Considerations for “Home Rule” States
However, treatment of credits for local jurisdictions becomes much more important when the so-called “home rule” states are involved. In these states (primarily Alabama, Arizona, Colorado, Idaho, Louisiana) some cities and/or counties administer their own taxes and taxpayers must file separate sales tax returns with them in addition to filing with the state. It is therefore possible to have not only a state auditor but auditors representing one or more of these local jurisdictions. Local auditors have a different motivation to confirm tax credits were offset only against tax in the same city/county than do the state auditors. It is not unusual for credits to be disallowed in an audit of one city because the credit actually related to another city. The taxpayer will pay the underreported tax plus interest and possibly a penalty to the city where the tax was improperly offset. Then the taxpayer will need to amend one or more returns with the city where the credit actually applies. And that may trigger a visit from that city’s auditor.
Negative Value Returns
So far the discussion has assumed the overall tax return remains a positive value despite the tax credits. But what about the case where tax credits in a reporting period are so large they result in a tax return with a net negative tax due amount? Since states generally will not accept a net negative tax return, the auditor’s interest will be in how the taxpayer dealt with the situation. As mentioned at the beginning of this blog, the taxpayer should either file a Claim for Refund or amend the appropriate return(s). But if the credits will be offset over a “reasonable” period of time and because these actions may increase the chance of an audit, the taxpayer will most likely handle the net negative tax return using one of several different methods. This is where “auditor discretion” comes into play. Is the auditor willing to accept a not-by-the-book treatment of the credits and audit that treatment to assure the results are correct and valid? Or will the auditor disallow the treatment and force the taxpayer to use one of the required approaches? Unfortunately, the answers to those questions depend solely on the individual auditor. But generally speaking, if the end results are correct and the period involved isn’t too long most auditors will not force the issue. There really isn’t much for them to gain from taking a hard line since there is no net change in the tax due and paid over the entire audit period.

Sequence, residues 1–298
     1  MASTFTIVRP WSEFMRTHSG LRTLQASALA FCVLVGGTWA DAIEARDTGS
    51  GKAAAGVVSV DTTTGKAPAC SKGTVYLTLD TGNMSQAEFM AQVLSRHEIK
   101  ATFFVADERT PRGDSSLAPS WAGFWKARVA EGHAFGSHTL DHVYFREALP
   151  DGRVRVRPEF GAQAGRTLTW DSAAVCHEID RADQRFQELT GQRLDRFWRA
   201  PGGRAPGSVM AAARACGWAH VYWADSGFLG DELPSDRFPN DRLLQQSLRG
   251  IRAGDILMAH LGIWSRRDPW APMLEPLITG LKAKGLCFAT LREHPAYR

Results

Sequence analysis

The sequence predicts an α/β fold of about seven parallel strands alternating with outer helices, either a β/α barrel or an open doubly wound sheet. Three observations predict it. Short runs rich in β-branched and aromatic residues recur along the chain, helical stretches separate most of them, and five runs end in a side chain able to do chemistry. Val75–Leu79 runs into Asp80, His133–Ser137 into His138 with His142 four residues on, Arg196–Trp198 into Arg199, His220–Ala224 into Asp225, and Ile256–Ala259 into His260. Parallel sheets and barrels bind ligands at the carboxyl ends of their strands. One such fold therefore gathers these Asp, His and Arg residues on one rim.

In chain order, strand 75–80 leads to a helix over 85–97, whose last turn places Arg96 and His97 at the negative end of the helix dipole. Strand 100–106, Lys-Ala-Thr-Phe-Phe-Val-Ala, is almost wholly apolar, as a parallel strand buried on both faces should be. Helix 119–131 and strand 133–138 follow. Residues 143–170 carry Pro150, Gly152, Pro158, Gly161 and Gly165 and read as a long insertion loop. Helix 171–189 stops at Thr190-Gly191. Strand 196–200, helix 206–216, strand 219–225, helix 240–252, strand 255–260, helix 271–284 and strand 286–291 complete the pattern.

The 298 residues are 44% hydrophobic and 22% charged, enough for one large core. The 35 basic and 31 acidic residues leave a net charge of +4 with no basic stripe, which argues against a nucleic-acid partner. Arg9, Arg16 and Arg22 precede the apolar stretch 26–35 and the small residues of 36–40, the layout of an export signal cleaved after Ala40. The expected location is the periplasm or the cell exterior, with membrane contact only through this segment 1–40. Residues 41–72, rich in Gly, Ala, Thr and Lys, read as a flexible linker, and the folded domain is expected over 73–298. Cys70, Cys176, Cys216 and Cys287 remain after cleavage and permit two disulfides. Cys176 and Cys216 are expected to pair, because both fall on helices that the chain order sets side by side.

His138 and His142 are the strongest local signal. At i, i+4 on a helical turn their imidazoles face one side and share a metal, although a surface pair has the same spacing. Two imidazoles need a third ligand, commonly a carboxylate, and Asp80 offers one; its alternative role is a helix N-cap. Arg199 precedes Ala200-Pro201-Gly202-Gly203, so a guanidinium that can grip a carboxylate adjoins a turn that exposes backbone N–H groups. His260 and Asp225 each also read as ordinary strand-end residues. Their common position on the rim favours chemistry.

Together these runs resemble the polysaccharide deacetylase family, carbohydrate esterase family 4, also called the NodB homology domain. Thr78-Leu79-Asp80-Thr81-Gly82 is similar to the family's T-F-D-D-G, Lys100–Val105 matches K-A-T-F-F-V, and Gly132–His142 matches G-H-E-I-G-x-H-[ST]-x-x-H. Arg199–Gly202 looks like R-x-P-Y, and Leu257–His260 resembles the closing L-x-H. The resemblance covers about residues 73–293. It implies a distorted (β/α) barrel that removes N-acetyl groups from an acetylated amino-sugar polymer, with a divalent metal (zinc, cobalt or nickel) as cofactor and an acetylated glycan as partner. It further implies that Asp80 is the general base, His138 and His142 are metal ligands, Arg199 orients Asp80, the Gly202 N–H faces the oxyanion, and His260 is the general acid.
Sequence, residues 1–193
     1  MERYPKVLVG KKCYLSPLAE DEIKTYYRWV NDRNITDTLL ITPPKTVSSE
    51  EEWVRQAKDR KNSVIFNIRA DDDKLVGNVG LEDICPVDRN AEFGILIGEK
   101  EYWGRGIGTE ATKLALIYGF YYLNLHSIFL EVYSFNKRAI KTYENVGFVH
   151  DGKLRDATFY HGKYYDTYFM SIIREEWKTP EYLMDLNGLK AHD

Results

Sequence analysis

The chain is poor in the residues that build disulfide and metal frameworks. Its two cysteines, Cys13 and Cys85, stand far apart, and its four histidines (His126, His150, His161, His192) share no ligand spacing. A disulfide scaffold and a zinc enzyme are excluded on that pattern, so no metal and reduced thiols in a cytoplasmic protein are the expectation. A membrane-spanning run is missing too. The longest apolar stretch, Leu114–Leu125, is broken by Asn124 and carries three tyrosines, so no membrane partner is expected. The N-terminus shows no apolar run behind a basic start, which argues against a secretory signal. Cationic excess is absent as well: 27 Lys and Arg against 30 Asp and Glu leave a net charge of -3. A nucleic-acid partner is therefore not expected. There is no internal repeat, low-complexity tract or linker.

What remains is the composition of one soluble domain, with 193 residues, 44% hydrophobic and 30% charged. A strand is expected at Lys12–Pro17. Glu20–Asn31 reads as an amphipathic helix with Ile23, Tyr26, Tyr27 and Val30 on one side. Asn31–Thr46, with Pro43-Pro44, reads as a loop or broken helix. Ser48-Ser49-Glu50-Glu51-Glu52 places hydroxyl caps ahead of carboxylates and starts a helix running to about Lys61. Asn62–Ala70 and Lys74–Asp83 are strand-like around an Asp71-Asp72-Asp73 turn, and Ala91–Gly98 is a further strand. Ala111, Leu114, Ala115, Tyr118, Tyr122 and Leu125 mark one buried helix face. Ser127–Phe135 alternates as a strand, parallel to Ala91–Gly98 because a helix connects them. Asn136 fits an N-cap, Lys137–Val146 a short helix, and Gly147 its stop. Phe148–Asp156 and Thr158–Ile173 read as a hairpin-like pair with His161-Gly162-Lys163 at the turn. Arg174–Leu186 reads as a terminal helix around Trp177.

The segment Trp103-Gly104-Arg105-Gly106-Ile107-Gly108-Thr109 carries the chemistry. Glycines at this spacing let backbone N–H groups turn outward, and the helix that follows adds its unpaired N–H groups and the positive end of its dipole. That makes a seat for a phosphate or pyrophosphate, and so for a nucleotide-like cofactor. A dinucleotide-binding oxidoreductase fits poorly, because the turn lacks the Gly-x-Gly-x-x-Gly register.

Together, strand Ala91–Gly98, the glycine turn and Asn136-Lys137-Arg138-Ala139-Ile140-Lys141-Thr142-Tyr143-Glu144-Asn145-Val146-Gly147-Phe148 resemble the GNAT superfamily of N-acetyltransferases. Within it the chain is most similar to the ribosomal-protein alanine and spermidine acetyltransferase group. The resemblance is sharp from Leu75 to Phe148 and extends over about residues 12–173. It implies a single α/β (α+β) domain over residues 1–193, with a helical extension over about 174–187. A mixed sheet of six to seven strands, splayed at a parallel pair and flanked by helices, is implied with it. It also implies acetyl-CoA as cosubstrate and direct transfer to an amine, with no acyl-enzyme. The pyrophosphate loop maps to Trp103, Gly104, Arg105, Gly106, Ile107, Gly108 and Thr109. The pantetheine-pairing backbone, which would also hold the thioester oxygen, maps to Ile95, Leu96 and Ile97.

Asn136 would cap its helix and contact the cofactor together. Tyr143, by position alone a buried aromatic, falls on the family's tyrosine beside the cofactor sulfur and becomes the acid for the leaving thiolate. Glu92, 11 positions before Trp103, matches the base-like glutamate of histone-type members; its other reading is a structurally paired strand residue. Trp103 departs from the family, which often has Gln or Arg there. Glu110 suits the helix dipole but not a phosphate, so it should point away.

Questions? Comments? I would be very interested in hearing how readers deal with their tax credits, especially in the composite states, and if those treatments have been challenged by auditors.
Other recent “Audits and Sales Tax” posts by Lloyd Geggatt:
- Software Audits for Buyers & Sellers – and the 3 Key Questions
- Luxury Audits: Empty Boxes Full of Champagne Wishes & Caviar Dreams
- Sales Tax Audits: Actual Basis Approach Can Result in "Win-Win".
- What Auditors Should Understand About Outsourced Sales Tax Returns
- Auditing Sales Tax Credits: An Auditor's Top 2 Considerations